Two weeks ago I wrote about how the practice of gratitude is an interpersonally and neurobiologically integrating event, effectively an act of creating more deeply connected relationships, and is an expression and extension of the coming Kingdom of God. I also mentioned how this whole thing of saying, “Thank you.” is something that we must learn; it is not initially in my nature to do so. And this got me to thinking.

It’s not that hard, it seems at first glance, to become thankful, to be trained in the practice of gratitude. That is, when I’m getting what I want. I understand how we have to train a child’s brain; it doesn’t know any better. But once I learn, how hard can it be? It doesn’t feel like it costs me anything at all to express thanks at being the recipient of someone else’s largesse. Which brings to mind how the ancient Hebrews spoke of offering a sacrifice of thanksgiving to God. The thanksgiving, or peace offering, was presented sacrificially. What does sacrifice have to do with gratitude and the relationships it supposedly is fostering? Why wouldn’t the Hebrews be given the option to simply tell God, “Thank you for all Your benefits!” in the privacy of their own home?

In the Old Testament, we read how the thanksgiving offering was voluntary. No one was required to do it. It was an option made available for someone to willingly express his or her gratitude out of the generosity of their heart. But if you did offer it, a sacrifice would be involved. Rather odd logic if you ask me. Moreover, this sacrifice was shared between the worshipper, God, the priest and anyone else who would benefit from the meat and cereal cakes that had been prepared. A portion was consumed by fire as a sacrifice to God—and the rest was shared in a communal meal. In other words, I had to bring enough for God and several other people. What, if anything, does a voluntary, sacrificial offering intended to be shared among many have to do with the integration of the mind?

As I said earlier, it’s not hard to be grateful when I am receiving what I want. When all is as it should be. But giving thanks in the midst of my busy life? Or if I am in a state of want? Let alone in the presence of suffering. The fact is, no matter how good my life is, my attention is easily drawn to that which makes me anxious, or ashamed. I can easily become distracted from my intention to make connection with others. Moving at the speed of modernity, I make it difficult for me to remain in the present moment, to recognize the opportunity in which the Spirit of God is inviting me more deeply into relationship, no matter how brief the moment may be. Hence, it is easy for me to automatically say thanks to the grocer in the checkout lane (and even mean it at some level), and keep right on moving with little conscious recognition that I have thanked him, let alone of said grocer.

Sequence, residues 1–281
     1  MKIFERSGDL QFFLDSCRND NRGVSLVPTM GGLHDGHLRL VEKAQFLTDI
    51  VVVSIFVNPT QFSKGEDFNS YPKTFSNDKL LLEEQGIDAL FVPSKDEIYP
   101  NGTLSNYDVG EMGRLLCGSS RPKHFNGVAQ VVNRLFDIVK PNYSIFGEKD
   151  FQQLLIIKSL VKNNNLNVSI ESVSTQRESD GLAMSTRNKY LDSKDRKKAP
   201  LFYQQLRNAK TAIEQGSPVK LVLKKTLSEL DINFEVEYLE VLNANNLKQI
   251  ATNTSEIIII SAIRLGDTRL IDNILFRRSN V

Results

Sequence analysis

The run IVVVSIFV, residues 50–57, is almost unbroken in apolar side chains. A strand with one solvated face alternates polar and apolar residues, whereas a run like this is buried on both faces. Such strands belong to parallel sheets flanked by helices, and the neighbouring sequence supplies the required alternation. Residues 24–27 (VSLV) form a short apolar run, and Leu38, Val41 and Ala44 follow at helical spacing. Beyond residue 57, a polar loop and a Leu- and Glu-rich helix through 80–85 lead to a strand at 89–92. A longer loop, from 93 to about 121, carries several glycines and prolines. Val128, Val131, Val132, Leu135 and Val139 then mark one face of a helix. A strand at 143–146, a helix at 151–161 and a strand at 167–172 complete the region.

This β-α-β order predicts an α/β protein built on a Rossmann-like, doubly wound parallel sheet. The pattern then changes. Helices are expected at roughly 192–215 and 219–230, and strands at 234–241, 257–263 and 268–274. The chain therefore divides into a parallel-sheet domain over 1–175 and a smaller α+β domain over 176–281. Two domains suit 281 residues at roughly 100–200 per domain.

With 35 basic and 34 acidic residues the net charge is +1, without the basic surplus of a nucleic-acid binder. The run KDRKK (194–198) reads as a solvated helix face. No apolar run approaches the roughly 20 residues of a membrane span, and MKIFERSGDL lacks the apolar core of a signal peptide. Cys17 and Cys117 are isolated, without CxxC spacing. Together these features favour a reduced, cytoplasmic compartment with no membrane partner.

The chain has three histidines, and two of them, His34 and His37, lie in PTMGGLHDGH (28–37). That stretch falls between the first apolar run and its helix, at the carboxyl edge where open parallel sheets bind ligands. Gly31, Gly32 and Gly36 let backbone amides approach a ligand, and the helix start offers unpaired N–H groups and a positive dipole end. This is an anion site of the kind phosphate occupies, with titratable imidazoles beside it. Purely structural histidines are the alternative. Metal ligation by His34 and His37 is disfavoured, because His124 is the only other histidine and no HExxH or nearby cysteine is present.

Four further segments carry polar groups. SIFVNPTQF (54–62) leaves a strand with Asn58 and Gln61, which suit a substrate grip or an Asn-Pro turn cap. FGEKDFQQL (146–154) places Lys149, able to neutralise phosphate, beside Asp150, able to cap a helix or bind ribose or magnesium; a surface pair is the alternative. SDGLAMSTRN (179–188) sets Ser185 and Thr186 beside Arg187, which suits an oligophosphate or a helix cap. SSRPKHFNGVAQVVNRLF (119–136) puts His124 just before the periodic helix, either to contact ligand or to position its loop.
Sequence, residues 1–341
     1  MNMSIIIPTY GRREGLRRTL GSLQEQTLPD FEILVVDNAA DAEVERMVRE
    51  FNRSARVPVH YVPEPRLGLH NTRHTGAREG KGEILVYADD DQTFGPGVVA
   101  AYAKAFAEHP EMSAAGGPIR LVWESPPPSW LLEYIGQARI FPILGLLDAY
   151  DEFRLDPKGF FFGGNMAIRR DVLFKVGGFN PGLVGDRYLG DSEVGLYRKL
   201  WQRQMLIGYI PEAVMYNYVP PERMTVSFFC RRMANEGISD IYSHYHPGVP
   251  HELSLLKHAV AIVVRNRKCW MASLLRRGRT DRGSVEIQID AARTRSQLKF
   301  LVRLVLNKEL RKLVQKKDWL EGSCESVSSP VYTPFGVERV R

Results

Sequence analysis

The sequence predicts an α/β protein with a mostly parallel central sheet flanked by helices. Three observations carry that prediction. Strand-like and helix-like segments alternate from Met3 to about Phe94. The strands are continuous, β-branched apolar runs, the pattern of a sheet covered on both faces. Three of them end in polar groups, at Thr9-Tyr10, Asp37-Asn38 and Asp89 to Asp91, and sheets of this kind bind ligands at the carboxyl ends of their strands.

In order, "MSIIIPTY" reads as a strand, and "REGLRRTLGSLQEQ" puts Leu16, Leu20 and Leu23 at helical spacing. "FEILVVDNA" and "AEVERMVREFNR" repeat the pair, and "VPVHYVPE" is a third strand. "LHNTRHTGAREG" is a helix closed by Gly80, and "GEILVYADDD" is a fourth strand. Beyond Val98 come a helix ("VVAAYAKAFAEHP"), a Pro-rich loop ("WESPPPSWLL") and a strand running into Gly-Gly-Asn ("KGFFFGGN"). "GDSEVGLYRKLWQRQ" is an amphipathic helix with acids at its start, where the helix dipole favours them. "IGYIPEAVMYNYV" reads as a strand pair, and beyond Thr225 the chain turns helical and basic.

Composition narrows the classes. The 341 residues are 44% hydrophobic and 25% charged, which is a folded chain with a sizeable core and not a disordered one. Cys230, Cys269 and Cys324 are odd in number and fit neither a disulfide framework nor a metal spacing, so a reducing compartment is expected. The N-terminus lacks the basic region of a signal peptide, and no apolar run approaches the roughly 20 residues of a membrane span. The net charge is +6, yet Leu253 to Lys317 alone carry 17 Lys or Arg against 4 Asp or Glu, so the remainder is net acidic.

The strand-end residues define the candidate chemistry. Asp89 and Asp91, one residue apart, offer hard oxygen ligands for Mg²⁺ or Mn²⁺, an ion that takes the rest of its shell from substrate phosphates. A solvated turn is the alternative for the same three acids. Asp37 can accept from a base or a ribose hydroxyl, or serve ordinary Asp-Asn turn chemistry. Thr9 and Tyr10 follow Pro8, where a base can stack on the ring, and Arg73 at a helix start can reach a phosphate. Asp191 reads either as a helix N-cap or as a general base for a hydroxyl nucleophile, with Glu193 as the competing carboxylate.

It is when I am willing to be in the present moment long enough that I can actually give thanks to someone else. That I can give it such that it can actually be received. Elsewhere I have written about giving patients the assignment of returning to their local grocery store just a few days after last being there, and finding one of the people who helped them and telling them how grateful they were for their work. Or, another assignment in which I invite people, when they have been thanked or paid a complement to pause and tell the one who has thanked them that they simply want to take several seconds so as fully receive the other’s gratitude. These acts will seem at first by most to be flat-out weird. No one does this.

Because it requires a sacrifice. It requires the time and thoughtfulness (and willingness to move through the initial social discomfort) necessary to be fully present to the one to whom I express my thanks. Time and thoughtfulness that amounts to the energy I will need to sacrifice in order that I and the other may be more deeply known and drawn into community with each other. To be as embodied as possible as I say thank you to whoever next needs to hear it. To make possible the integration of all of our mind and become more whole, even as our Father in heaven is whole.

And so, as we move headlong into Thanksgiving, consider slowing your pace long enough to give thanks. Long enough for it to be received, taken in and embodied. And don’t be afraid to let it cost you. You’ll be witness to the transformation of the hearts and minds of those around you as well as your own.

For which the only thing left to say will be, Thanks be to God.